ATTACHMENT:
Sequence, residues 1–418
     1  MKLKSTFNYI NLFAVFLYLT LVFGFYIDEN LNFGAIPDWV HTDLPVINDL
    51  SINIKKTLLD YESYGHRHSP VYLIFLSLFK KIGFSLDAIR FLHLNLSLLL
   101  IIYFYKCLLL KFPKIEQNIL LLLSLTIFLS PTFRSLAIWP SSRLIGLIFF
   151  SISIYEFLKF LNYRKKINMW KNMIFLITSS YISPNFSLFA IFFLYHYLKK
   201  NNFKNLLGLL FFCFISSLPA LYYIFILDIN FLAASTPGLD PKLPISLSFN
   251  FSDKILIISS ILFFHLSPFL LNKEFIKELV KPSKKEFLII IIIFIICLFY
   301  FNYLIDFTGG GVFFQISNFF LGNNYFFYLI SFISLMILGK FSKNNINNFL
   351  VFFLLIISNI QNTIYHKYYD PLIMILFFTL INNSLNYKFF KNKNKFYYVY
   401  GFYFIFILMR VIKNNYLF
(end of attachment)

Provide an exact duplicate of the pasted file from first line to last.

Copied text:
Sequence, residues 1–418
     1  MKLKSTFNYI NLFAVFLYLT LVFGFYIDEN LNFGAIPDWV HTDLPVINDL
    51  SINIKKTLLD YESYGHRHSP VYLIFLSLFK KIGFSLDAIR FLHLNLSLLL
   101  IIYFYKCLLL KFPKIEQNIL LLLSLTIFLS PTFRSLAIWP SSRLIGLIFF
   151  SISIYEFLKF LNYRKKINMW KNMIFLITSS YISPNFSLFA IFFLYHYLKK
   201  NNFKNLLGLL FFCFISSLPA LYYIFILDIN FLAASTPGLD PKLPISLSFN
   251  FSDKILIISS ILFFHLSPFL LNKEFIKELV KPSKKEFLII IIIFIICLFY
   301  FNYLIDFTGG GVFFQISNFF LGNNYFFYLI SFISLMILGK FSKNNINNFL
   351  VFFLLIISNI QNTIYHKYYD PLIMILFFTL INNSLNYKFF KNKNKFYYVY
   401  GFYFIFILMR VIKNNYLF